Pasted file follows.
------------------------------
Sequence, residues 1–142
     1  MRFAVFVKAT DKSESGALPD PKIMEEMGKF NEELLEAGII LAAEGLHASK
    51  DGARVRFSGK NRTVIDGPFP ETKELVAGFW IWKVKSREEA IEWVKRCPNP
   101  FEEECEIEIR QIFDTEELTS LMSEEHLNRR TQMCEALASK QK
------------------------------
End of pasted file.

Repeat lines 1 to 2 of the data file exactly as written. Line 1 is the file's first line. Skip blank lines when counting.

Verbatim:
Sequence, residues 1–142
     1  MRFAVFVKAT DKSESGALPD PKIMEEMGKF NEELLEAGII LAAEGLHASK